> > web cache poisoning through HTTP Request Smuggling (see , p. 4
> > "Special Cases more powerful attacks").
> > 3. Escalation of XSS condition (see ), if such exists in the
> > site.
> > Cache servers (which are proxy servers by definition)
> > -----------------------------------------------------
> > Having the HTTP traffic pass through cache servers can result in:
> > 1. Complete web cache poisoning (if there's an HTTP Response
> > Splitting vulnerability in the web application see ).
> > 2. Partial web cache poisoning (through HTTP Request Smuggling see
> > ).
> > Proxy servers (not necessarily caching)
> > ---------------------------------------
> > Having the HTTP traffic pass through proxy server that shares a TCP
> > connection to the same host between different clients can result in:
> > 1. Escalating of XSS condition into request hijacking (see , p. 7
> > "Example #4 Request Hijacking").
> > 2. Forceful submission of a request on behalf of a client (see ,
> > p. 9 "Example #5 Request Credential Hijacking").
> > 3. Cross user defacement, if there is an HTTP Response Splitting
> > vulnerability in the web site (see  p. 22 "Cross User
> > Attacks The Theory").
> > 4. Hijacking a user response page, if there is an HTTP Response
> > Splitting vulnerability in the web site (see  p. 23
> > "Hijacking a Page (HTTP Response) with User Sensitive
> > Information").
> > HTTP-Aware firewalls (including Web Application Firewalls)
> > ----------------------------------------------------------
> > While these entities are put in place to protect the application, in
> > some cases they can be completely or partially bypassed. This in
> > itself does not mean that the application becomes vulnerable.
> > However, these "attacks" are listed because they have to do with how
> > various web-server behaviors enable some attacks (especially in HTTP
> > Request Smuggling). These "attacks" are:
> > 1. Smuggling a complete request via HTTP Request Smuggling (see ,
> > especially p. 4 "Example #2: Firewall/IPS/IDS evasion"), that
> > is, the firewall/IDS won't block/detect a request (an attack) it
> > should have.
> > 2. Bypassing some firewall/IDS protection/detection schemes (see ,
> > ), that is, the firewall/IDS won't block/detect a request (an
> > attack) it should have.
> > So the net effect in this case is that the security of the overall
> > system is affected by the combination of entities. The only
> > difference between this item and the previous ones is that in this
> > item, a security tier (the firewall/IDS) was bypassed, thus
> > potentially exposing system vulnerabilities, while in the previous
> > items, the system was shown to be directly vulnerable to attacks.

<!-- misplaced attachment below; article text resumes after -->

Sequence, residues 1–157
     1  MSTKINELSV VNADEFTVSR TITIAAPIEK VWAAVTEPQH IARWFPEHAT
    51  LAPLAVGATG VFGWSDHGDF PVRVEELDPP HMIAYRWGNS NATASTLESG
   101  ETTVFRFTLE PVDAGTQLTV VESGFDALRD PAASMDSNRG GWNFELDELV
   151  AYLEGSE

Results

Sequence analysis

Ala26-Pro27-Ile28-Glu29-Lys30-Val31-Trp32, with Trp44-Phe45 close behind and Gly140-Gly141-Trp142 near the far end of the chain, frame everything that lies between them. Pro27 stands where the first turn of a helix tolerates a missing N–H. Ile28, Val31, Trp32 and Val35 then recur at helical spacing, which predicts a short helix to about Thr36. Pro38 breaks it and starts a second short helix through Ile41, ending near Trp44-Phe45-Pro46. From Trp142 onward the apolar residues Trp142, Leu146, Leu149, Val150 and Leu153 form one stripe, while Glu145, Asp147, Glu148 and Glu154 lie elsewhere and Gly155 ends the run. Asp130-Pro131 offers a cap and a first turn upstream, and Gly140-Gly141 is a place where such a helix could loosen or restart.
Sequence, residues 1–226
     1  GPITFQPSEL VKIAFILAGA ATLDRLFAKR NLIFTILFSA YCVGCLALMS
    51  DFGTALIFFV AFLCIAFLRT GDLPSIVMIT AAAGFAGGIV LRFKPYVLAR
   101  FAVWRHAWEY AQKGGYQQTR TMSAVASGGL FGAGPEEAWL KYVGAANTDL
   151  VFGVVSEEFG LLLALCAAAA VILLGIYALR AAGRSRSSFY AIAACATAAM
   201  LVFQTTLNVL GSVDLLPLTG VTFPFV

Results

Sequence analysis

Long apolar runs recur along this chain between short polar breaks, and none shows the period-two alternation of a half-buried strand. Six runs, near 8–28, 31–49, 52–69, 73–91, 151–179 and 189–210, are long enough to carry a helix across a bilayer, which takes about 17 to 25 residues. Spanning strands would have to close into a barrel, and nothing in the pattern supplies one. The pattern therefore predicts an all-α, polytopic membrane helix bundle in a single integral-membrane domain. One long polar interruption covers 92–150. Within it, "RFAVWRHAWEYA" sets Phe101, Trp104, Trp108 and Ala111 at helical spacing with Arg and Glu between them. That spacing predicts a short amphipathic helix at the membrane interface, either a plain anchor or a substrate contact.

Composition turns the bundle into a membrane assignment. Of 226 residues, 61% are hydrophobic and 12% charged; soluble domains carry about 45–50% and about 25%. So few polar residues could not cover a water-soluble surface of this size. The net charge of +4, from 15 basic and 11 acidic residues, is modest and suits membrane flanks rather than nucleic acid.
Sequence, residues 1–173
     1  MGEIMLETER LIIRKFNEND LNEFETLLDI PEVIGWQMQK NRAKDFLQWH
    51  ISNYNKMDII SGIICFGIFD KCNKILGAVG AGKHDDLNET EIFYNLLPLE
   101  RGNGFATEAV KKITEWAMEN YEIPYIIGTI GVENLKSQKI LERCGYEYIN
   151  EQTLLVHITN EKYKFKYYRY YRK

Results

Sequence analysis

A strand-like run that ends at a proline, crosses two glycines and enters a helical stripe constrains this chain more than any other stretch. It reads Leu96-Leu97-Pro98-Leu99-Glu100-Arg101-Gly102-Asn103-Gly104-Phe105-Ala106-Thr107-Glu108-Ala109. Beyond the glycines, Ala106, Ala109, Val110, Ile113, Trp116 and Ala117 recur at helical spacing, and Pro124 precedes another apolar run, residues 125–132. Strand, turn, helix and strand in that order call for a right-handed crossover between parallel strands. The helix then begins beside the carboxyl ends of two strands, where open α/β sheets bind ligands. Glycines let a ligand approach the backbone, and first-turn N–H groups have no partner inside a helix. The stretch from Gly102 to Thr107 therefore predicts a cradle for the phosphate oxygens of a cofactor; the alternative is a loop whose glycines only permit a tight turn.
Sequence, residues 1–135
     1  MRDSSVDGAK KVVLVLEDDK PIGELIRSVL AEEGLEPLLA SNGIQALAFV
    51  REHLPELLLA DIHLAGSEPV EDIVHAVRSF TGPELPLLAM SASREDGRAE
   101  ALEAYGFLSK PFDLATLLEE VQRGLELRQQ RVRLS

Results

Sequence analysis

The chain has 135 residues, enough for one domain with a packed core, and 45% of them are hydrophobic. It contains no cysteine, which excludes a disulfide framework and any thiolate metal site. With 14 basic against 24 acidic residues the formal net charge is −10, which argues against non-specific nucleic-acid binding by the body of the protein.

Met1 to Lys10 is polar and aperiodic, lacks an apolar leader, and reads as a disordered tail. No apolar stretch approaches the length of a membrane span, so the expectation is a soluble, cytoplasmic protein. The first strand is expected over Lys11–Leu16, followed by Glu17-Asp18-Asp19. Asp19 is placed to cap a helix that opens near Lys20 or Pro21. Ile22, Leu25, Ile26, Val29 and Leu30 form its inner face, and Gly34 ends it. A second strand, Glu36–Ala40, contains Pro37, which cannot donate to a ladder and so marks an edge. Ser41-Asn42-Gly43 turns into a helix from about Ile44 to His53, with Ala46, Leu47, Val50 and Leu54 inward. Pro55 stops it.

> > Web Application Firewalls
> > -------------------------
> > Some WAFs employ a technique in which the HTML responses of the
> > application are used to create a dynamic, per-user policy of allowed
> > links/forms/actions. In such case, an attack against the WAF's
> > security policy would be to inject a link (which represents an
> > attack against the web server, e.g. a Nimda URL) somehow into the
> > HTML response. This link would in turn be allowed by the WAF for the
> > user (the attacker, in this case), who will happily request this
> > link immediately thereafter. Just like the previous item, this
> > "attack" simply punctures through the protection suite of the WAF,
> > it is not a vulnerability in the application. Yet just as the
> > previous item, the "interaction" between the application and the WAF
> > may weaken the WAF protection and thus expose vulnerabilities in the
> > system.
> > Load balancers and SSL accelerators
> > -----------------------------------
> > While no specific attack was reported for these products (other than
> > attacks that target the devices themselves), it is expected that the
> > techniques outlined in  are applicable to load balancers and to
> > SSL accelerators, since these devices typically look at the HTTP
> > requests and route them to their final destination according to the
> > parsed requests. In that sense, the techniques in  may be used to
> > fool these devices into routing requests to other servers instead.
> > Summary
> > =======
> > The web application, or rather, the web application security,
> > extends beyond the web server (or the virtual web server), not only
> > in the backend's direction, but also in the browser's direction to
> > the site's cache/proxy server, SSL accelerator, load balancer, IDS,
> > firewall and web application firewall, and beyond that, to the
> > client's ISP cache/proxy server. It also extends to the neighboring
> > virtual web servers. More research and understanding is needed in
> > these areas, in order to comprehend all possible risks and develop
> > appropriate solutions for them.
> > References
> > ==========
> >  "Divide and Conquer - HTTP Response Splitting, Web Cache
> > Poisoning Attacks, and Related Topics", Amit Klein, March 2004.
> > http://www.packetstormsecurity.org/papers/general/whitepaper_httpresponse.pdf
> >  "HTTP Request Smuggling", Chaim Linhart, Amit Klein, Ronen Heled
> > and Steve Orrin, June 2005
> > http://www.watchfire.com/resources/HTTP-Request-Smuggling.pdf
> >  "XS(T) attach variants which can, in some cases, eliminate the
> > need for TRACE", Amit Klein, WebAppsec mailing list posting,
> > January 26th, 2003
> > http://www.securityfocus.com/archive/107/308433
> >  "External Web Application Protection: Impedance Mismatch", Ivan
> > Ristic, March 9, 2005
> > http://www.modsecurity.org/blog/archives/000053.html
> >  "A look at whisker's anti-IDS tactics", Rain Forest Puppy,
> > December 1999
> > http://www.ussrback.com/docs/papers/IDS/whiskerids.html
> > ---------------------------------------------------------------------
> > The Web Security Mailing List
> > http://www.webappsec.org/lists/websecurity/
> > The Web Security Mailing List Archives
> > http://www.webappsec.org/lists/websecurity/archive/